There are timbaleros and then there are timbaleros like no other. Louie Romero has a remarkable timbales soloing style. When I post his solos on our Facebook site Timbales and Congas Bongo Bata and bells, the sound on my computer is like a slot machine!
Louie Romero has performed and recorded with the greats, as a youth living in New York City as timbales player for trombonist Willie Colon and with the late vocal legend Hector Lavoe.
Louie Romero’s brother percussionists in the Willie Colon Orchestra were José Mangual Jr. on bongo and the late Milton Cardona on congas, the most feared percussion section in New York City and the world, besides the earlier Tito Puente, Mongo Santamaria and Willie Bobo.
Louie Romero, now living in San Francisco, California, is still making his timbales smoke. He is a true timbales music lesson for the young players and for those fortunate enough to meet him.
Let’s see what Louie Romero has to say about his legendary timbales career.
Louie, tell us a little about your background, where you were born and raised, your parents’ ancestry.
I was born in Brooklyn, New York of Puerto Rican descent.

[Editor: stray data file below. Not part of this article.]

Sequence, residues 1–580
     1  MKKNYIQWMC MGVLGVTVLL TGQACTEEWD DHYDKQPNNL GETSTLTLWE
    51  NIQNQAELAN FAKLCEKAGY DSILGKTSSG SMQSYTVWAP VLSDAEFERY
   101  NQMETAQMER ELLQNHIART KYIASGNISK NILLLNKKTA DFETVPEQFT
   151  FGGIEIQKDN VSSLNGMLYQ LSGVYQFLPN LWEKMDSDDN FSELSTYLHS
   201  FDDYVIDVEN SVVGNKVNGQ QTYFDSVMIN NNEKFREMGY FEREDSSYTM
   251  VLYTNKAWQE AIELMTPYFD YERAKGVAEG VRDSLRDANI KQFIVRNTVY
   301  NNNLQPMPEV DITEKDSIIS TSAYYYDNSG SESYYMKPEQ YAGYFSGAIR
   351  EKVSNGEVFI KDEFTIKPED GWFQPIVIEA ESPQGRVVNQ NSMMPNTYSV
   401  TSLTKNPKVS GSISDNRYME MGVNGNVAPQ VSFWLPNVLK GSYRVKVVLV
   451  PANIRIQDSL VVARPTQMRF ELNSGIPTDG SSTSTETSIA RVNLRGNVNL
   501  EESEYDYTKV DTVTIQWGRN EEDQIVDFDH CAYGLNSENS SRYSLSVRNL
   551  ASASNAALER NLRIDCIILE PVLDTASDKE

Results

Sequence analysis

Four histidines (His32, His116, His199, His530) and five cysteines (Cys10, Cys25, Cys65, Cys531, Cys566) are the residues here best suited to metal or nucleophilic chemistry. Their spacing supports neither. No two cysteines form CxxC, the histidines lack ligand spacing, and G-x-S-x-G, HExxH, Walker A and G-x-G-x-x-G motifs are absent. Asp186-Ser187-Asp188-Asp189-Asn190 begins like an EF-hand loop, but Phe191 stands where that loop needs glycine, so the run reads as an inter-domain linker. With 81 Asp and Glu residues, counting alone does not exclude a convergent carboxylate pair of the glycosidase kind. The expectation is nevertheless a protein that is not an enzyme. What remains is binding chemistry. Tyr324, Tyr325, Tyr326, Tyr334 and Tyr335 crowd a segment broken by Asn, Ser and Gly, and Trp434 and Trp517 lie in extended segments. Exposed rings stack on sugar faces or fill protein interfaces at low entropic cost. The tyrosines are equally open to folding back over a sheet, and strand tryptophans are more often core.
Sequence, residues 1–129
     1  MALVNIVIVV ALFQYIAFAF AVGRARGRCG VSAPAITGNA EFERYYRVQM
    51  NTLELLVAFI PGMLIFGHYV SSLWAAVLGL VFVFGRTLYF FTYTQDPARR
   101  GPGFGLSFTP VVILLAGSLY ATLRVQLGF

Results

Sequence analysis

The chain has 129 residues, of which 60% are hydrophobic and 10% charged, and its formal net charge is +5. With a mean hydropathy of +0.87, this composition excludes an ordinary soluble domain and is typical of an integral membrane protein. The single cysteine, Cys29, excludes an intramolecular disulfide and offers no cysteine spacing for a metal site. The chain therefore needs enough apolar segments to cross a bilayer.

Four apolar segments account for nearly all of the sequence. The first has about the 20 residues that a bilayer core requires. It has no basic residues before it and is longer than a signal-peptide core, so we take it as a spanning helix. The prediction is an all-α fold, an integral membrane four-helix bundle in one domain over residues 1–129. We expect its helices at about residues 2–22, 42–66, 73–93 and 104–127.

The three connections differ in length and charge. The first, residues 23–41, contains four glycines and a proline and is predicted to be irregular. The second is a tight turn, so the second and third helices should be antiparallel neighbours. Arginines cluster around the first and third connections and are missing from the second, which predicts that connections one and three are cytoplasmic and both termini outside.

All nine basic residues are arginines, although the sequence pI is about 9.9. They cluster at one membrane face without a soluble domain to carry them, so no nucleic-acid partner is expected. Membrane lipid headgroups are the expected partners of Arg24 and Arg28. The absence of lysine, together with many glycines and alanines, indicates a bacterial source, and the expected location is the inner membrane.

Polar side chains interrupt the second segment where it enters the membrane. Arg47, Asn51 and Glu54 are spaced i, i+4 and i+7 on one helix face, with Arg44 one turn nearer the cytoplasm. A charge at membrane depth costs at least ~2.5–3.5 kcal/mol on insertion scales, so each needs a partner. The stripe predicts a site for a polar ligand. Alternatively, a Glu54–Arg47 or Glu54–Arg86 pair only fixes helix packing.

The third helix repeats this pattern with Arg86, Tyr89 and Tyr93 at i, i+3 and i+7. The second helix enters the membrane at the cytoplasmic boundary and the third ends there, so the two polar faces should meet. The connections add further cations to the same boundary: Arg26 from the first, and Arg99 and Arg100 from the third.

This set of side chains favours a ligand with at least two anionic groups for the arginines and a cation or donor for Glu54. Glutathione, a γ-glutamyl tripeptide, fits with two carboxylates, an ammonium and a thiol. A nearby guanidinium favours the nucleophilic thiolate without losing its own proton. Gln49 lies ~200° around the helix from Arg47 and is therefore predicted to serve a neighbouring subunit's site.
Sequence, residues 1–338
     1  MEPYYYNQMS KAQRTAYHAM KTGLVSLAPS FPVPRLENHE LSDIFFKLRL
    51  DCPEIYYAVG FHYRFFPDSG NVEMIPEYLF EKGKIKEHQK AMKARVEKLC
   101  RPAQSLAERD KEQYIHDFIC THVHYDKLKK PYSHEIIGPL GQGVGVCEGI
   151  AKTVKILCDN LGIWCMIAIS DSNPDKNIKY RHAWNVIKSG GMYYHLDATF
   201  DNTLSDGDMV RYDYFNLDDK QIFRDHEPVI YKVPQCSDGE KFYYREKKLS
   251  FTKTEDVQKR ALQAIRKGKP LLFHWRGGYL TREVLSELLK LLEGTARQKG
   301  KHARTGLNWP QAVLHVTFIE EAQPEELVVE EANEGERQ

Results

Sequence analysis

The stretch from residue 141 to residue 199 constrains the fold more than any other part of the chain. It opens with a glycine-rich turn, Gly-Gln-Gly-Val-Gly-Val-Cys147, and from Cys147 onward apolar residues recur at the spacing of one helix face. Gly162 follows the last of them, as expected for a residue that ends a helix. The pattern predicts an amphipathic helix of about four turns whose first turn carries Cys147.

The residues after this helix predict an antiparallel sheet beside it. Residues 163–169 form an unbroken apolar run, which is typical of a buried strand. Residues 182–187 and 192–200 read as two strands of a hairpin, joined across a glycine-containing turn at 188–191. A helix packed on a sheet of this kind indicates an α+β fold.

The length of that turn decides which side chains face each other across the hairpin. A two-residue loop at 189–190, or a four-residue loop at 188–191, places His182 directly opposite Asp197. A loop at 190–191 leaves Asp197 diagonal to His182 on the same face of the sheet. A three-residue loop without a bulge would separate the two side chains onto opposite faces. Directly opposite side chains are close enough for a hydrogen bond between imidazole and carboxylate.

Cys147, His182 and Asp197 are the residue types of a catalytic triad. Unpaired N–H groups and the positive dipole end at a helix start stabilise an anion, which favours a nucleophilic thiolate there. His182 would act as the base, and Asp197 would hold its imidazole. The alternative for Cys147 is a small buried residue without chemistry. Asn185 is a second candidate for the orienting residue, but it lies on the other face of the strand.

When did you first hear Latin music?
In my mom’s womb.
How old were you when you started playing timbales? Could tell us what led up to you choosing timbales as your main instrument. Did you play any other instruments?
Watching my Pop playing drum set and timbales. No other instruments except percussion.
Which bands or orchestras did you perform with?
George Guzman, Willie Colon Orchestra, La Conspiracion, David Amram and Estampa Criolla.
Louie, how did you start to play with Willie Colon? Can you tell us a little about your association with Willie, Hector and Jose Mangual Jr and Milton Cardona?
I was at the Broadway Casino in Manhattan when Willie approached me and asked me to join. With Willie Colon and Héctor Lavoe, it was mostly business. With Jose Mangual Jr. and Milton Cardona, that was really good connect.
Louie, what are you presently doing music wise in San Francisco, California?
I have my Latin orchestra Mazacote.
Louie, what is your recommendation to timbales or Latin percussion students of today?
For them to learn from the best instructors and to utilize a metronome.
What does the future hold for you, Louie Romero, timbalero of timbaleros?
To continue teaching, performing and recording.
I would like to thank Louie Romero for his time he spent for this interview and thanks for his lifetime dedication as a timbalero.